Etchings and Later Paintings
In the winter of 1792, while on a visit to southern Spain, Goya contracted a serious disease that left him totally deaf and marked a turning point in his career. A mood of pessimism entered Goya's work. Between 1797 and 1799 he drew and etched the first of his great print series Los Caprichos (The Caprices), which, in their satirical humour, mock the social mores and superstitions of the time. 

The most famous of his paintings from this period is undoubtedly "The Naked Maya" (painted 1798), depicted on numerous stamps world wide.  It belongs to the Prado Museum in Madrid.  It is pretty large (97 x 190 cm), and shows clearly the then ideal for the female body.  

Spain 1930. Romanticist Painting. Goya. The Naked Maya, 1 pta. Spain 1930. Romanticist Painting. Goya. The Naked Maya, 4 pts. Spain 1930. Romanticist Painting. Goya. The Naked Maya, 10 pts.

This Bulgarian souvenir sheet, issued 1996 in commemoration of Goya's 250th birth anniversary, shows the two versions of this painting:  "The Naked Maya" and "The Clothed Maya". 

Speculation has it that the nude version used to be hidden behind the clothed version in the same picture frame, and that the lady was the Duchess of Alba, with whom Goya was infatuated. 

How he managed to get a noblewoman to pose this way (in Spain!) is only one more of the many mysteries surrounding this work.

As late as in 1930 the US government, through the U.S. Post Office Department, forbade and returned letters coming from Spain carrying this stamp because of the nudity that was at that time considered obscene !!  How times have changed :)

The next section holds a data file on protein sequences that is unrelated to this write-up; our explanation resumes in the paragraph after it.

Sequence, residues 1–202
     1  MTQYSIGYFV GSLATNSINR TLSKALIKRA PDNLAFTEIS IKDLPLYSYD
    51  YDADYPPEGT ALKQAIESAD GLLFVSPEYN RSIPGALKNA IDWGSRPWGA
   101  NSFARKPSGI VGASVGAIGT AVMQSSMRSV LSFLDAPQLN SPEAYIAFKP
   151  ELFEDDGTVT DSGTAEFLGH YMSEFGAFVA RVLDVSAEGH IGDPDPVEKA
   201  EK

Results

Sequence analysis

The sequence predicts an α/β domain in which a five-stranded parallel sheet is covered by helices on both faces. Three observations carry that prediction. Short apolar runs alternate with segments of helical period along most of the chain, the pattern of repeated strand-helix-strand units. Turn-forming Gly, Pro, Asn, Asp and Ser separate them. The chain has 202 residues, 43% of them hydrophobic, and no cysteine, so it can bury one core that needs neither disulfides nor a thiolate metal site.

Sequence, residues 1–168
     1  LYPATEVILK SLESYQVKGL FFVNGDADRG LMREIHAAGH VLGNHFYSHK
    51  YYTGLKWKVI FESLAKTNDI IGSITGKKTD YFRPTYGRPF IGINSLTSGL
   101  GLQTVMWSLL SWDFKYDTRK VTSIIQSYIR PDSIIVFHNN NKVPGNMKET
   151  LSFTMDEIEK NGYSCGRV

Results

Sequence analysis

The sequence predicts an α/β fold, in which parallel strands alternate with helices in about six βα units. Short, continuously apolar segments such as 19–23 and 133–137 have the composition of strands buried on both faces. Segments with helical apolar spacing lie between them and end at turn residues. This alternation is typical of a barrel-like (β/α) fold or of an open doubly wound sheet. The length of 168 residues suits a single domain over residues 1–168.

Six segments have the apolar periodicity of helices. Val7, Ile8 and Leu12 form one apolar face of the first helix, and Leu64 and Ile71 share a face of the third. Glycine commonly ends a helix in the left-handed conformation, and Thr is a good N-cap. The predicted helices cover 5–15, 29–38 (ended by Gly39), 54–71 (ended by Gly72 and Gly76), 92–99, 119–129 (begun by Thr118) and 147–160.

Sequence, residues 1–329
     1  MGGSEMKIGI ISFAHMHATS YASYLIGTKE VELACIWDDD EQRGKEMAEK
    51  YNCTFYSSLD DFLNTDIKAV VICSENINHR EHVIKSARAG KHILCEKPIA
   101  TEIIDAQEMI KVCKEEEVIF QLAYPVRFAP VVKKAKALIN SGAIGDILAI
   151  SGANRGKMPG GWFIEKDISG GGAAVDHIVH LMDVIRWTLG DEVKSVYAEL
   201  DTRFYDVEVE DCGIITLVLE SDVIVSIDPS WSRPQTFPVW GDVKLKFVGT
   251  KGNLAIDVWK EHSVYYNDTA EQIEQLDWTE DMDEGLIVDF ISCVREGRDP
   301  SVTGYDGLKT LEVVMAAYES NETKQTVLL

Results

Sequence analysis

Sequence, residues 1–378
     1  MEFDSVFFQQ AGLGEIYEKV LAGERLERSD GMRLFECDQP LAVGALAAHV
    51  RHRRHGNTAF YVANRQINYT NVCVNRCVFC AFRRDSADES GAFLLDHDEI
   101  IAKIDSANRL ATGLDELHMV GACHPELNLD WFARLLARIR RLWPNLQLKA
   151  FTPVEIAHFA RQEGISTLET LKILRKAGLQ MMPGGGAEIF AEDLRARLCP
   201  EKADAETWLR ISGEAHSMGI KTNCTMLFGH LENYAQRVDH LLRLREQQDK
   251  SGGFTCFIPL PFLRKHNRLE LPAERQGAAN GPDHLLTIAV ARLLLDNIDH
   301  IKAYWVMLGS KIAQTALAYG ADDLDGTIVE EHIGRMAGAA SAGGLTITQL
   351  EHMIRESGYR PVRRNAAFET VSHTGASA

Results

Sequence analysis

• Bulgaria 1996.  Souvenir sheet of the two versions of "Maya" by Goya. 

Bulgaria 1996. Romanticist Painting. Goya. Souvenir sheet with  two versions of Maya.

One of the nicest of Goya's paintings, "The Love Letter", painted 1812-1814, was issued by France for Stamp Day 1981.  The same painting, but in a totally different appearance, was issued by Burundi in 1968 for The International Week of Letter Writing, and by Bulgaria 1996 in commemoration of Goya's 250th birth anniversary..  It is amazing how the same painting can turn out so completely different in both colour, details and general appearance.  Note that all three stamps are proportionally the same size.  

France 1981. Romanticist Painting. Goya. The Love Letter. Burundi 1968. Romanticist Painting. Goya. The Love Letter. Bulgaria 1996. Romanticist Painting. Goya. The Love Letter.

Goya was a true master in depicting everyday's life in medieval Spain, and his captivating canvasses from the beginning of the 19th century, showing sceneries as chatting ladies, children playing around, and ordinary working people, add to the general impression of Goya being a man of the people, who painted life as it was, rather than a highly intellectual artist who would paint what the present ruler wanted to see.  

Bulgaria 1996. Romanticist Painting. Goya. Chatting Ladies ona Balcony. Fujeira 1971. Romanticist Painting. Goya. Forgers at work. Dubai 1968. Romanticist Painting. Goya. Boys with Mastiff.

Later series, such as Desastres de la Guerra (Disasters of War, 1810) and Disparates (Absurdities, 1820-1823), present more caustic commentaries on the ills and follies of humanity. The horrors of warfare were of great concern to Goya, who observed at first hand the battles between French soldiers and Spanish citizens during the bloody years of the Napoleonic occupation of Spain. In 1814 he completed Second of May, 1808 and Third of May, 1808 (both Prado). These paintings depict horrifying and dramatically brutal massacres of groups of unarmed Spanish street fighters by French soldiers. 

Both are painted, like so many of Goya's late works, in thick, bold strokes of dark colour punctuated by brilliant yellow and red highlights.  Below are shown fragments of these two paintings, considerably enlarged for a better view of the extremely detailed works.